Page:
Demonstrating the most charming elements of British culture, contestant Goody explained why she had referred to Shetty as “Shilpa Poppadom,” “Her name is not Shilpa Harry or Shilpa Tweed or Shilpa Mackintosh, she is Indian, so will have an Indian name. No racial anything. She is Indian; thinking of an Indian name and only thing I could think of was Indian food. Wasn’t racial at all. It was not to offend any Indian out there.” A poppadom is a wafer-like bread, typically eaten with curry.

British and Indian politicians have expressed their outrage; the BBC quoted India’s junior minister for external and cultural affairs, “The [Indian] government will take appropriate measures once it gets to know the full details. Racism has no place in civilized society.” Tony Blair’s reaction, as reported by OpenDemocracy.net, was a similarly cautious and general statement, “that Britons ‘must oppose racism in all its forms.’”

The series is still, staggeringly, on the air. However, as a gesture of kindness, the producers, Endemol, have given some of their profits to charity.

VIII. Sectarian: (Adjective)

1: of, relating to, or characteristic of a sect or sectarian

2: limited in character or scope: PAROCHIAL

Sunni Muslims located far away from the sectarian violence of Iraq have devoted their village to honoring Saddam Hussein’s memory. The village of Lakhanow, in Northern India, has vowed to name all sons born after December 30 “Saddam Hussein.” The BBC reported local leader Ayub Khan as saying, “George Bush can hang one Saddam Hussein but we will create an army of Saddam Husseins. Let him come to our village and see how Saddam Hussein can never be executed.”

IX. Quagmire: (Noun)

1: soft miry land that shakes or yields under the foot

2: a difficult, precarious, or entrapping position: PREDICAMENT

Around one in ten rams are exclusively gay, according to research conducted by a partnership of Oregon State University (OSU) and Oregon Health and Science University (OHSU). While this wouldn’t immediately appear to be one of the greatest dilemmas facing the farming industry, a Federally funded research program at the Universities is seeking to find a way to increase the productivity of flocks of sheep, by, according to People for the Ethical Treatment of Animals (PETA), “surgically install[ing] an estrogen device in the bodies of ‘gay sheep’” to try and reduce their proclivity towards other rams.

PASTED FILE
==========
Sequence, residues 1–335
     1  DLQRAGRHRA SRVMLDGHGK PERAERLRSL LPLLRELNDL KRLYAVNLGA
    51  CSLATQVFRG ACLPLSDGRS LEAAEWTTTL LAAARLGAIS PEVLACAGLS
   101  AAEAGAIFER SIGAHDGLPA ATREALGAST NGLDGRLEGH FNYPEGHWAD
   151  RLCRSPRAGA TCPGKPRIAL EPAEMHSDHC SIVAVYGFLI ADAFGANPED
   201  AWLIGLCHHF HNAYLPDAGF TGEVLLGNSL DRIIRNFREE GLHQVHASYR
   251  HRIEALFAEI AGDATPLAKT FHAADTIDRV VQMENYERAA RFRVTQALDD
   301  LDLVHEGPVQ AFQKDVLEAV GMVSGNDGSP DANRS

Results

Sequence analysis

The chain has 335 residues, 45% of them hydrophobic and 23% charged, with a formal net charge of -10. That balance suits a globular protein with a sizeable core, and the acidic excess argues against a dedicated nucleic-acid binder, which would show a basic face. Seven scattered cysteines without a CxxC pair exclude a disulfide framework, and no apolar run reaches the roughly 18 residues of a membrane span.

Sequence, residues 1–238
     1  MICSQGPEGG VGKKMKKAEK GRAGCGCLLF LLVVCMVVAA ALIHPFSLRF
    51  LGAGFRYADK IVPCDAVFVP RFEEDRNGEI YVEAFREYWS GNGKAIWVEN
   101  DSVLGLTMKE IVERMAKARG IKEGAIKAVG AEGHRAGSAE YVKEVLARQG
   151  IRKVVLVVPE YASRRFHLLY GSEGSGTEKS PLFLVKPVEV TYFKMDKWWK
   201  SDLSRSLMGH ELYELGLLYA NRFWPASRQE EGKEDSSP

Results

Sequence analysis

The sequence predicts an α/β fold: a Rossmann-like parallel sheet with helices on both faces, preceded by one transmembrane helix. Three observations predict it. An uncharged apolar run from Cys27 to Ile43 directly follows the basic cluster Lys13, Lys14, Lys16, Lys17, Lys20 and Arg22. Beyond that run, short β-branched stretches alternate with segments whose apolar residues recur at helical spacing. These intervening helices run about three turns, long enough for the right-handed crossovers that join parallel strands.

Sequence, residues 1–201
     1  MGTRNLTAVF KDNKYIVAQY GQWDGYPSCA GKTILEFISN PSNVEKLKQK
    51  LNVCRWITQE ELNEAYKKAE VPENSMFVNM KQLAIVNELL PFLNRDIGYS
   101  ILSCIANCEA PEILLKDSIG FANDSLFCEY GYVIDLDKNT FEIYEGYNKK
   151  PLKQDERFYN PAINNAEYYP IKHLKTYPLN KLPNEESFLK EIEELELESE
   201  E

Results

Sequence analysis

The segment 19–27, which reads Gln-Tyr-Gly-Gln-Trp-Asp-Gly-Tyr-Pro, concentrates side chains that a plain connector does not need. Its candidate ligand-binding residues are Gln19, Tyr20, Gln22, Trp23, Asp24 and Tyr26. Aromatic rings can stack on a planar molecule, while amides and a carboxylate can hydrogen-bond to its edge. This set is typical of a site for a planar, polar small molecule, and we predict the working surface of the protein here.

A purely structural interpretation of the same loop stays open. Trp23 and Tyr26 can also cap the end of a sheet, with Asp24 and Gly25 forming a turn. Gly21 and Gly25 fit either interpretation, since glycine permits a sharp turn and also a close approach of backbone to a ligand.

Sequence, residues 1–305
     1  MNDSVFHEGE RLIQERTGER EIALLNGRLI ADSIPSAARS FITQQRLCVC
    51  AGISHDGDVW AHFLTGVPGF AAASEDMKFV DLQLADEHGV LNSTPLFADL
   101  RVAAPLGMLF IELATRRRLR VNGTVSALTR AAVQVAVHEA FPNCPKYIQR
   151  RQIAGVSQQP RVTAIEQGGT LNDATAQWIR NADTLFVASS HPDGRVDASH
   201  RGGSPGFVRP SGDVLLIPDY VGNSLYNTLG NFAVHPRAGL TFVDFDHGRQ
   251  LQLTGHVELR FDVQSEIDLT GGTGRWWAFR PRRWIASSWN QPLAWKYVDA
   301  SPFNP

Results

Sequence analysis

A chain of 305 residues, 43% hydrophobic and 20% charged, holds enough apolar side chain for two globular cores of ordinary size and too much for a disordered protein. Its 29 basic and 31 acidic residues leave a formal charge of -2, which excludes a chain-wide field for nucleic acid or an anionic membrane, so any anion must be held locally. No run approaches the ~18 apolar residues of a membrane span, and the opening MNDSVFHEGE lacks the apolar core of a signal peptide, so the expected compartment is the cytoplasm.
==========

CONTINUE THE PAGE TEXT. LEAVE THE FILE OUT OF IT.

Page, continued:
The trials have angered both animal rights and gay rights activists. PETA had already declared OHSU to be one of the ten worst laboratories in the country for “Animal Welfare Act violations, [having some of] the largest numbers of animals killed, and [conducting] the most painful and invasive experiments.” Stopanimaltests.net stated the OSU and OHSU “have received thousands of letters and e-mails protesting their unethical hormone-altering experiments on ‘gay sheep.’ In response to this public outcry, the universities are now scrambling to come up with excuses to justify the experiments, but they don’t have a leg to stand on.” Meanwhile former tennis star and gay rights activist, Martina Navratilova, has condemned the research. A letter faxed by Navratilova to the academic institutions asked, “How can it be that, in the year 2006, a major university would host such homophobic and cruel experiments? … For the sake of the animals who will die unnecessarily in these experiments and for the many gays and lesbians who stand to be deeply offended by the social implications of these tests, I ask that you please end these studies at once.”

The London Times came forward with the future dilemmas this study might raise: “It raises the prospect that pregnant women could one day be offered a treatment to reduce or eliminate the chance that their offspring will be homosexual. Experts say that, in theory, the “straightening” procedure on humans could be as simple as a hormone supplement for mothers-to-be, worn on the skin like an anti-smoking nicotine patch.”

The sector of society we are yet to hear from is the religious right. Do humans have the right to interfere with the integral ‘being’ of a sheep? Would that mean admitting it was God’s will to make the sheep gay? Or were said sheep simply damned from conception?

X. Corruption: (Noun)

1 a: an impairment of integrity, virtue, or moral principle: DEPRAVITY
b: DECAY, DECOMPOSITION
c: inducement to wrong by improper or unlawful means (as bribery)
d: a departure from the original or from what is pure or correct

2: archaic: an agency or influence that corrupts

3: chiefly dialect: PUS

Condoleeza Rice: “My Fox guys, I love every single one of them.”

The US Secretary of State makes her television viewing preferences clear. Overheard on an open microphone by Reuters, between interviews, January 11.

Dictionary definitions from Merriam-Webster